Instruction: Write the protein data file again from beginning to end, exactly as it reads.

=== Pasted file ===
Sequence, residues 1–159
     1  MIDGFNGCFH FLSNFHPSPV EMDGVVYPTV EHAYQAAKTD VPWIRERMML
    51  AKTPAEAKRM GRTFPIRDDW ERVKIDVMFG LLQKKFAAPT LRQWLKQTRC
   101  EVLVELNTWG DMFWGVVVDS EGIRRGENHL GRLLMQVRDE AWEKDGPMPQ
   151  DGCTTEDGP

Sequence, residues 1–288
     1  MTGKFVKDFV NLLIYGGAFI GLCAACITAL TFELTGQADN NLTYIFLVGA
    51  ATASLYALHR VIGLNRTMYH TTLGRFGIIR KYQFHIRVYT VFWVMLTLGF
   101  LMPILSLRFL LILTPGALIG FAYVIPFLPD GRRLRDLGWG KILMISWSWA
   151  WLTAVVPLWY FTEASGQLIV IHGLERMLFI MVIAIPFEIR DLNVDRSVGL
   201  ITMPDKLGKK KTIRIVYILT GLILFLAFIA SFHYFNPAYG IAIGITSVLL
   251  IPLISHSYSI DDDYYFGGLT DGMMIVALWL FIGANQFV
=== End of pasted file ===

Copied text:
Sequence, residues 1–159
     1  MIDGFNGCFH FLSNFHPSPV EMDGVVYPTV EHAYQAAKTD VPWIRERMML
    51  AKTPAEAKRM GRTFPIRDDW ERVKIDVMFG LLQKKFAAPT LRQWLKQTRC
   101  EVLVELNTWG DMFWGVVVDS EGIRRGENHL GRLLMQVRDE AWEKDGPMPQ
   151  DGCTTEDGP

Sequence, residues 1–288
     1  MTGKFVKDFV NLLIYGGAFI GLCAACITAL TFELTGQADN NLTYIFLVGA
    51  ATASLYALHR VIGLNRTMYH TTLGRFGIIR KYQFHIRVYT VFWVMLTLGF
   101  LMPILSLRFL LILTPGALIG FAYVIPFLPD GRRLRDLGWG KILMISWSWA
   151  WLTAVVPLWY FTEASGQLIV IHGLERMLFI MVIAIPFEIR DLNVDRSVGL
   201  ITMPDKLGKK KTIRIVYILT GLILFLAFIA SFHYFNPAYG IAIGITSVLL
   251  IPLISHSYSI DDDYYFGGLT DGMMIVALWL FIGANQFV